Overview | Utah Water Watch


    Overview, Quality Assurance and Helpful Resources

    Why will you be monitoring?

    There are two types of pollution: Point source (PS) pollution and Nonpoint source (NPS) pollution.  While the amount of pollutants area easy to track from point source pollution, it is more challenging to track and regulate nonpoint source pollution. 
    The State of Utah regulates water quality using a Targeted Watershed approach.  Local Watershed Coordinators work with other agencies, land owners and stakeholders to reduce nonpoint source pollution and employ Best Management Practices (BMPs).  BMPs are ways to manage your land and activities to reduce or limit pollution of surface and groundwater near you.  Each year, a different watershed is targeted on a rotating schedule and receives the bulk of Utah NPS and EPA 319 grant funds for that year. 
    One of the biggest challenges with the NPS program, is tracking its success.  Monitoring before and after BMPs are implemented are necessary to determine whether we have helped improve the water.  

    What is a Standard Operating Procedure (SOP)?

    Monitoring by the Division of Water Quality (DWQ) and Cooperators, such as Utah Water Watch, must follow the Quality Assurance and Quality Control (QA/QC) Program so that environmental data collected is of known and suitable quality for monitoring goals and objectives.  High quality, or credible data is important for the DWQ to use for decision making.
    Standard Operating Procedures (SOPs) describe how the DWQ collects, handles, processes and analyzes data.  A SOP is generated for any routine procedure and ensures the data is comparable, accurate, defensible and limits bias. 
    Data collected in the Tier 2 program follows these SOPs, so it is important to become familiar with these methods and pay attention to detail.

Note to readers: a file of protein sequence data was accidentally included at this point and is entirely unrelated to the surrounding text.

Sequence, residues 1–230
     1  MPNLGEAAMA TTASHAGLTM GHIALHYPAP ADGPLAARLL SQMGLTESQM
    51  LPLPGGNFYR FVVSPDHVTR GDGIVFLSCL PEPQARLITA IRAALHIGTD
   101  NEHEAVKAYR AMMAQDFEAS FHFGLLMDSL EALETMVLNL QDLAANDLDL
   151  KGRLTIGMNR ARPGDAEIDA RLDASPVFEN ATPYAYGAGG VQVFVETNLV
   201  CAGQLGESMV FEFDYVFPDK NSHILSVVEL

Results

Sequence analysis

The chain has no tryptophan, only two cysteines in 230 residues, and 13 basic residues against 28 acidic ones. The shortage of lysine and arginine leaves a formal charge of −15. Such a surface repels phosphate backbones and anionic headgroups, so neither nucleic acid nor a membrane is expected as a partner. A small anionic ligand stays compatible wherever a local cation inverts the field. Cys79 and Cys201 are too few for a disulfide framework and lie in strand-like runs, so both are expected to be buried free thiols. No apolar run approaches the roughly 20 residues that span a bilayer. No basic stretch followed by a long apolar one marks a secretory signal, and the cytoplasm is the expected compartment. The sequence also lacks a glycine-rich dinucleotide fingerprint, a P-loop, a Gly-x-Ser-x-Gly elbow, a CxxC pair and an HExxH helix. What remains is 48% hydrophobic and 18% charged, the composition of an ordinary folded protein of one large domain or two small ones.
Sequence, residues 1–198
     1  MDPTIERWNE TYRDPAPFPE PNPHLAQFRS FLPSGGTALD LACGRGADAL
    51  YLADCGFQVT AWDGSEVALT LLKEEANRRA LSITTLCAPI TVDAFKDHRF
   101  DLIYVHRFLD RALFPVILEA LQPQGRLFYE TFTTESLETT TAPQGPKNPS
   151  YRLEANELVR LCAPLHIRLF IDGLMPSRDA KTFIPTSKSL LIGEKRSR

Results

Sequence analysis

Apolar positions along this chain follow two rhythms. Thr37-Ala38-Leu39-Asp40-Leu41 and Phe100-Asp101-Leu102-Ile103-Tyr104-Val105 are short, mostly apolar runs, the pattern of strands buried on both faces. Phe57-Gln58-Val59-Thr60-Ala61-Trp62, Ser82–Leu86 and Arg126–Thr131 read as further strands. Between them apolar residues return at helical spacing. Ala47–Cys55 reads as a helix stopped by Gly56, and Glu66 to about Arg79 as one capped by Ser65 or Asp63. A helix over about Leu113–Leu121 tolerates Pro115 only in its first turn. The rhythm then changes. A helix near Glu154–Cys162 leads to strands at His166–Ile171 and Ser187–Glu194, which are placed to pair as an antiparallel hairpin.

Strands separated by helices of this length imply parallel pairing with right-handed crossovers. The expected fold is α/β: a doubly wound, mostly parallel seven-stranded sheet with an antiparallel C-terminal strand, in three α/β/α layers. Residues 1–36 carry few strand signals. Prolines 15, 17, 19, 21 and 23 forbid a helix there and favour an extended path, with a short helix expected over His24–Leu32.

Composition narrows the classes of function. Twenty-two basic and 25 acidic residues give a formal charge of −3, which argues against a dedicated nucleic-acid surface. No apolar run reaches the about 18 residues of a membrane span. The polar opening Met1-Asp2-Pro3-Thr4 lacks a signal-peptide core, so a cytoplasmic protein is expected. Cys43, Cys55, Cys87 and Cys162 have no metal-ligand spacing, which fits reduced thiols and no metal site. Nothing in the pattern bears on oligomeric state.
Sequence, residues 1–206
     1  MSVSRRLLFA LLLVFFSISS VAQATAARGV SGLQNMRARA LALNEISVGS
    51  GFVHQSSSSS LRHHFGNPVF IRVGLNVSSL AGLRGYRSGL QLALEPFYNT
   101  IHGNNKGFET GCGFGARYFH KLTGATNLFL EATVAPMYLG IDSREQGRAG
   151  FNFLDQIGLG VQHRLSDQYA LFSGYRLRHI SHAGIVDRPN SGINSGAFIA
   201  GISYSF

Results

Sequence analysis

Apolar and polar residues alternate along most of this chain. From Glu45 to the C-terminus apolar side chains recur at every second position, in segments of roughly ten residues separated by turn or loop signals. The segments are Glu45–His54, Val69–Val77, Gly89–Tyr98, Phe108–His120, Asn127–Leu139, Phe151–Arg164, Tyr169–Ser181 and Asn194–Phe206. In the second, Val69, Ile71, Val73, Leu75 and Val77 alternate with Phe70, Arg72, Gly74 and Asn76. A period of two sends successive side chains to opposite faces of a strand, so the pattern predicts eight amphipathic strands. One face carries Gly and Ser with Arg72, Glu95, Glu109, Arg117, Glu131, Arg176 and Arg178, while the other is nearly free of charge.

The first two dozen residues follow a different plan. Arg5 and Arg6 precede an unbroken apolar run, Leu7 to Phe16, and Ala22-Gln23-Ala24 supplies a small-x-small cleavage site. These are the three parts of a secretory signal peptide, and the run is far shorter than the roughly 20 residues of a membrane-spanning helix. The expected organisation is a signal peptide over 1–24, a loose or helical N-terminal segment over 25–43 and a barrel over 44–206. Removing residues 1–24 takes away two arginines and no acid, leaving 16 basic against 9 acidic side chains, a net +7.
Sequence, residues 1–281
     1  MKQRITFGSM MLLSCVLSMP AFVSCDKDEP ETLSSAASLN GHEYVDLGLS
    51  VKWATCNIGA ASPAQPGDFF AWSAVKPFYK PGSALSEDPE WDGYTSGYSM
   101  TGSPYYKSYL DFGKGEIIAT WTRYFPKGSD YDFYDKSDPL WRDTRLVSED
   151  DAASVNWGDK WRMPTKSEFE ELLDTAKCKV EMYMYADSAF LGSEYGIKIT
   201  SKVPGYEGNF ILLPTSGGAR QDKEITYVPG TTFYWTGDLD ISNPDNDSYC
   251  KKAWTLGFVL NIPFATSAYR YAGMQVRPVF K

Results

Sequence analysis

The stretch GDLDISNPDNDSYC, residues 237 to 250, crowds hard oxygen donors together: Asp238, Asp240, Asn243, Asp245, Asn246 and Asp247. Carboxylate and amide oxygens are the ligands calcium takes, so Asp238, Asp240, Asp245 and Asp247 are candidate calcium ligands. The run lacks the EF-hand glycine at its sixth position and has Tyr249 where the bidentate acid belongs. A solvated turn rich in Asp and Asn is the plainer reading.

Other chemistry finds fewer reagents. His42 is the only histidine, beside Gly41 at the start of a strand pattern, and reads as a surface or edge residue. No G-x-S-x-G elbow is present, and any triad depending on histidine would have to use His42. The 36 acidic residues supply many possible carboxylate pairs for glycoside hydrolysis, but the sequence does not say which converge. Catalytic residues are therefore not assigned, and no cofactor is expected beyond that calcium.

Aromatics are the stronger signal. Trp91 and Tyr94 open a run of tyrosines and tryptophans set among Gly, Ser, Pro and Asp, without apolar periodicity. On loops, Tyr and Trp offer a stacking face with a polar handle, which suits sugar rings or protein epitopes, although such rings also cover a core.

What is a Sample Analysis Plan (SAP)?

    A Sample Analysis Plans (SAP) is required for all monitoring activity overseen by the DWQ and provides guidance to the people in the field on the required sampling procedures.  The Sample Analysis Plan describes what tests are needed, the frequency of samples, project coordinator contacts, etc.  We will be developing specific SAPs for projects where UWW volunteers are being used.
    Se an example SAP here: Spanish Valley SAP

    What is a Total Maximum Daily Load (TMDL)?

    A TMDL establishes the maximum amount of pollutant that is allowed in the water while still maintaining all of the designated beneficial uses.  The Clean Water Act requires that each state produce water quality standards to protect, restore and preserve water quality.  When a water body does not meet these standards, it is placed on an impaired list, referred to as the 303(d) list the state develops a plan to restore the water quality through the TMDL process.  Utah currently has about 50 developed TMDLs with many more in the process. 

    Helpful Resources:

    *Tip for using the Utah DWQ webpage (waterquality.utah.gov): use the search bar to find what you are looking for